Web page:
Department of Ecology News Release - January 8, 2013
OLYMPIA – The Washington Department of Ecology (Ecology) has approved the city of Milton’s updated shoreline master program.
Milton’s shoreline program will guide development and use along some 1.5 miles of shoreline on Surprise Lake and Hylebos Creek, which drains to Commencement Bay. The program will result in significant improvements in water quality as well as improved protection and restoration of the shorelines.
Milton is one of nearly 60 local governments that have completed their updates. The new master program combines local plans for future shoreline development and preservation with new shoreline development ordinances and related permitting requirements.
Paula Ehlers, Southwest Region shorelands program manager, said: “Our shorelines help make Washington a great place to live and are an important part of our quality of life. Updating the master program is a major accomplishment for the city of Milton. The updated program reflects a two-plus year effort by the Planning Commission, starting with learning new aspects of state law and ending with rules and policies that are tailored to the local conditions along Surprise Lake and Hylebos Creek. The end product is a program that reflects Milton’s community priorities and needs and meets the requirements of the Shoreline Management Act.”
About 200 cities and counties statewide are in the process or soon will be updating or crafting their master programs, under the state’s 1972 voter-approved Shoreline Management Act.
Shoreline master programs are the cornerstone of the act. The law requires cities and counties with regulated shorelines to develop and periodically update their locally tailored programs to help minimize environmental damage to shoreline areas, reserve appropriate areas for water-oriented uses, and protect the public’s right to public lands and waters.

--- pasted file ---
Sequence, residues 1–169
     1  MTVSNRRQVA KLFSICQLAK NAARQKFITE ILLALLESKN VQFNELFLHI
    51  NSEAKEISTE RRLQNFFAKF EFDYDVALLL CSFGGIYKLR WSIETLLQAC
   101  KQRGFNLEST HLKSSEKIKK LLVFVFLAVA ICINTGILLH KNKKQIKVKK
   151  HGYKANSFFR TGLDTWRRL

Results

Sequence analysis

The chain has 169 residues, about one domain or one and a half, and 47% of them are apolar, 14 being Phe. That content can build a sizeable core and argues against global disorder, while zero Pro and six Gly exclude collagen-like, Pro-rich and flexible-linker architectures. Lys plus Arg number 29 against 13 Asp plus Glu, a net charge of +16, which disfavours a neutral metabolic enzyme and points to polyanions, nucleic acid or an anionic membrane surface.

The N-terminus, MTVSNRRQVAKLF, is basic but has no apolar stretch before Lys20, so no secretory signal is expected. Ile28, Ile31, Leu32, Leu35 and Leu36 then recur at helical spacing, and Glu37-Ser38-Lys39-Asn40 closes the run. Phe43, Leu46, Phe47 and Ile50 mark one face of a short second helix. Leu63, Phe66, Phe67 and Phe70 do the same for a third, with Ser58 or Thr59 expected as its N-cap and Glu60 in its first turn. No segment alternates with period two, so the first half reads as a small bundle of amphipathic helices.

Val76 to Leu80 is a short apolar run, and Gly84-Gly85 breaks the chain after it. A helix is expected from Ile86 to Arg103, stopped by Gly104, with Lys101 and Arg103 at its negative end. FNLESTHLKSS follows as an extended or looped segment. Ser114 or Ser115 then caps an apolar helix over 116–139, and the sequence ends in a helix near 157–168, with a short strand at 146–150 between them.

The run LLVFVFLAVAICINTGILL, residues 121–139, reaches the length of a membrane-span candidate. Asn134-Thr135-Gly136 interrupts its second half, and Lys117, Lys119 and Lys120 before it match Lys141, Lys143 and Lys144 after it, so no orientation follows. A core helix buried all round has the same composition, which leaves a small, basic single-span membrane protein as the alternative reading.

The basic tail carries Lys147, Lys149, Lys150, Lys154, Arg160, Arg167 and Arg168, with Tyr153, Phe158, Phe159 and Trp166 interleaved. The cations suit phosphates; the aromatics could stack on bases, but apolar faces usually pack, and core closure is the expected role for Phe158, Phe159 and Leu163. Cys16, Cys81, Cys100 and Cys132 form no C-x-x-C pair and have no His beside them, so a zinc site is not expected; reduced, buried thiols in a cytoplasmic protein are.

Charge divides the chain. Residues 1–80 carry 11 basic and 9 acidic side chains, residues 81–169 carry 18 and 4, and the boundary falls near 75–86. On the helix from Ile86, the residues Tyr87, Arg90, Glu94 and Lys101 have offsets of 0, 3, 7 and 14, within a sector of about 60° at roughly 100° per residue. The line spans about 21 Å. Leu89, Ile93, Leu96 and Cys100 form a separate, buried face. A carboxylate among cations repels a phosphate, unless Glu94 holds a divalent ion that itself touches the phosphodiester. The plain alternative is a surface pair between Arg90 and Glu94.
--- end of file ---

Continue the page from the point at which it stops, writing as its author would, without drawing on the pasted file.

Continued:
The city’s process brought diverse local interests to the table to work collaboratively. The shoreline master program process began with a thorough inventory of existing land-use patterns and environmental conditions and completed with consultant support. These groups include waterfront property owners, tribal government representatives, and state and local resource agency staff.
“By working together, we are protecting the area’s treasured shoreline resources for ourselves as well as our children and future generations,” Ehlers said.
Milton’s shoreline master program:
Under state law, the local shoreline program must receive approval from Ecology before taking effect. It then becomes part of the state shoreline master program. The department, if needed, will help defend Milton’s shoreline program against legal challenges.
All of Washington’s cities and counties with regulated shorelines must update their programs by December 2014. They are following regulations adopted by Ecology in 2003. The regulations resulted from a negotiated settlement among 58 different parties including business interests, ports, environmental groups, shoreline user groups, cities and counties, Ecology and the courts.
Linda Kent, Ecology media relations, 360-407-6239; 306-791-9830 (cell); firstname.lastname@example.org
Chris Larson, city of Milton planner, 253-517-2715, email@example.com
For more information:
Ecology’s website for Milton’s shoreline master program (http://www.ecy.wa.gov/programs/sea/shorelines/smp/mycomments/milton.html)
More about shoreline master programs (http://www.ecy.wa.gov/programs/sea/shorelines/smp/index.html)
Our Living Shorelines web portal (http://www.ecy.wa.gov/livingshorelines/index.html)
Ecology’s social media (www.ecy.wa.gov/about/newmedia.html)
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